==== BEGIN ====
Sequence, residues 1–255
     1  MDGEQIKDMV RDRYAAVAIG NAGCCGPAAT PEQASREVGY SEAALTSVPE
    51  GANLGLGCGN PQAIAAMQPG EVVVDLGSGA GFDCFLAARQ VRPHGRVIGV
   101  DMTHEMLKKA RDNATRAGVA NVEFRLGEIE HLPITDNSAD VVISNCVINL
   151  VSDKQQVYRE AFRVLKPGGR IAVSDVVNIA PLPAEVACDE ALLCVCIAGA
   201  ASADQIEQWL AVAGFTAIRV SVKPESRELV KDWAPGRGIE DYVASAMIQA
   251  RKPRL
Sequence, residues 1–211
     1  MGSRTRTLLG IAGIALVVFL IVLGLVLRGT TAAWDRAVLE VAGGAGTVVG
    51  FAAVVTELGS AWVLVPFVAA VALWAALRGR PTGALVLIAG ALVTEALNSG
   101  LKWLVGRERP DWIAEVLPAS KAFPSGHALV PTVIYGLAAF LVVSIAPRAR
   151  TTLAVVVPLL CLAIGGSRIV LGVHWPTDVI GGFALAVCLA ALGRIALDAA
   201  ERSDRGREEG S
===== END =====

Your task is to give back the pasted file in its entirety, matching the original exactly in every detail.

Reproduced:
Sequence, residues 1–255
     1  MDGEQIKDMV RDRYAAVAIG NAGCCGPAAT PEQASREVGY SEAALTSVPE
    51  GANLGLGCGN PQAIAAMQPG EVVVDLGSGA GFDCFLAARQ VRPHGRVIGV
   101  DMTHEMLKKA RDNATRAGVA NVEFRLGEIE HLPITDNSAD VVISNCVINL
   151  VSDKQQVYRE AFRVLKPGGR IAVSDVVNIA PLPAEVACDE ALLCVCIAGA
   201  ASADQIEQWL AVAGFTAIRV SVKPESRELV KDWAPGRGIE DYVASAMIQA
   251  RKPRL
Sequence, residues 1–211
     1  MGSRTRTLLG IAGIALVVFL IVLGLVLRGT TAAWDRAVLE VAGGAGTVVG
    51  FAAVVTELGS AWVLVPFVAA VALWAALRGR PTGALVLIAG ALVTEALNSG
   101  LKWLVGRERP DWIAEVLPAS KAFPSGHALV PTVIYGLAAF LVVSIAPRAR
   151  TTLAVVVPLL CLAIGGSRIV LGVHWPTDVI GGFALAVCLA ALGRIALDAA
   201  ERSDRGREEG S